New Vice-Chancellor Announced
8th June 1999
It has been announced today that the Council of the University of Ulster has approved the appointment of the distinguished biomedical scientist, Professor Patrick Gerald (Gerry) McKenna, to the position of Vice-Chancellor of the University. He will take up his post on 1 October, on the retirement of Lord Smith of Clifton, the present Vice-Chancellor.
Those who applied for the position included eminent educationalists and academic leaders from inside and outside the United Kingdom.
Professor McKenna was born in Benburb, Co Tyrone and attended St Patrick's Academy in Dungannon. He was educated at the New University of Ulster and Queen's University, Belfast. He is 45 years of age and he and his wife, Phil have two sons.
Professor McKenna was Dean of the University's Faculty of Science until his appointment as Pro-Vice-Chancellor (Research) in 1997. He had led the research team which was awarded the rare distinction of five star grading, representing international excellence in its field. Their work gave the University the best performance in its subject of any university in the United Kingdom.
Mr Robert Hanna, Chairman of the Council of the University said today:
"Northern Ireland is in the midst of a process of great change. The funding of higher education and the financing of participation are at the heart of the education debate. Our universities have a crucial role to play, not only in training our business and professional leaders but in helping to make Northern Ireland's economy more competitive. The Joint Committee of Council and Senate which oversaw the process of appointment, took all this into consideration in appointing a Vice-Chancellor who would provide leadership and direction to one of Northern Ireland's major institutions and employers. The Council feels that in Professor McKenna, the University will have a new Vice-Chancellor with the qualities to lead the University in its regional role and to help in continuing to develop a national and international reputation for its mission and its work."
The Vice-Chancellor-elect stated today that his new appointment was both a privilege and an immense challenge. He said:
"In recent years, I have been deeply involved with our leaders of political life, industry and commerce, the professions, arts and sport and education, at all levels, as part of the effort to regenerate the Northern Ireland community and its economy. During my work with local and national representative groups, committees and task forces, I have formed many enduring friendships and alliances and have gained great respect for the talent and energy of our local people and their leaders. The year 2000 is a watershed for all of us, and like my many colleagues in the public and private sectors, I am committed to ensuring that Northern Ireland will at last be able to move forward on equal terms with its competitors." He went on:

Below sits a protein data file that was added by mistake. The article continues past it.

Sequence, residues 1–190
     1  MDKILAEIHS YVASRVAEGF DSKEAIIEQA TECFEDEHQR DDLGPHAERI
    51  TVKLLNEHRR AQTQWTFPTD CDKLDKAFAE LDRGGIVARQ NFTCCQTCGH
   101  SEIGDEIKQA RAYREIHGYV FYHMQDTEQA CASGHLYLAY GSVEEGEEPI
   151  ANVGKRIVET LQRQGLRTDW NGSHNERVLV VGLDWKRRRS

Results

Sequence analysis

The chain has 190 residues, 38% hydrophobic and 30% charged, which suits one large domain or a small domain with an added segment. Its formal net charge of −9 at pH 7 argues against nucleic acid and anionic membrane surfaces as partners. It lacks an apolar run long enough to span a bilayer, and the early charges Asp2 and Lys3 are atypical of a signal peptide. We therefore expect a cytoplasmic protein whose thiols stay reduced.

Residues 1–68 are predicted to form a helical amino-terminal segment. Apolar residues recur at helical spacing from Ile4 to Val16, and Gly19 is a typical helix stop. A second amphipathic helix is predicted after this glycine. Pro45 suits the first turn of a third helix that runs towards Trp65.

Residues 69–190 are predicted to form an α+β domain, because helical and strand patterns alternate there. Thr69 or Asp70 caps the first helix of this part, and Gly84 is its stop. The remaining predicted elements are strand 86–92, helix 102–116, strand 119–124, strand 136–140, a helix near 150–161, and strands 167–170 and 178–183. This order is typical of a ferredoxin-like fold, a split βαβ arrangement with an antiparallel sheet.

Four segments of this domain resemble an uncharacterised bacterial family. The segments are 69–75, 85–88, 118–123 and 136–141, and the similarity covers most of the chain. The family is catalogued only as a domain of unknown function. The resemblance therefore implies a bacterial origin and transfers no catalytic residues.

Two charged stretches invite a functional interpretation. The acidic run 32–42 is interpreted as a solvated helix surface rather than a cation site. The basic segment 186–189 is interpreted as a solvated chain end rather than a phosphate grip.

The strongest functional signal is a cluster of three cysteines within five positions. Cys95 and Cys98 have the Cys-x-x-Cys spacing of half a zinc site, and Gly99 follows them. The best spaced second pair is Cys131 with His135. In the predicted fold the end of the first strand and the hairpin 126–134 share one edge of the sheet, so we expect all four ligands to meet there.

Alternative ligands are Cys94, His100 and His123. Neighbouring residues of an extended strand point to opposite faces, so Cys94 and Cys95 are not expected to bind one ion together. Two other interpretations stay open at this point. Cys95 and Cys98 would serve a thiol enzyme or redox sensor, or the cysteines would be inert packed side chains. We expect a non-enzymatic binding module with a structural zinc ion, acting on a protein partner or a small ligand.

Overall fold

"It is critical for our prosperity that we are first class citizens of the knowledge society. It is my firm intention to ensure that the University of Ulster is at the forefront of the challenges that face Northern Ireland, using its scholarship and specialist resources and facilities in the service of regional growth and development. My personal philosophy of higher education is founded on the importance of quality - quality of education, quality of research, quality of the learning and working environment and quality of service. To allow the University to discharge its role, I will do all in my power to attract the level of investment in our work that such an unrivalled contribution to progress deserves. Our universities are the soundest investment of all.
"I look forward very much to the opportunity to lead the largest university on the island of Ireland," he concluded.
Note to Editors:
You will find enclosed a summary of the Vice-Chancellor-elect's curriculum vitae. He will take up his appointment on 1 October 1999. During the course of that week, our press office will organize face to face interviews and briefings with local and national media. During these interviews, Professor McKenna will present detailed views on how he intends to discharge his role as Vice-Chancellor, looking at the changing face of our universities and important matters such as their contribution to training, job creation and in an Northern Ireland context, the process of reconciliation. It is the policy of the University not to allow any interviews or attributable remarks before then and you are asked not to contact the Vice-Chancellor-elect directly.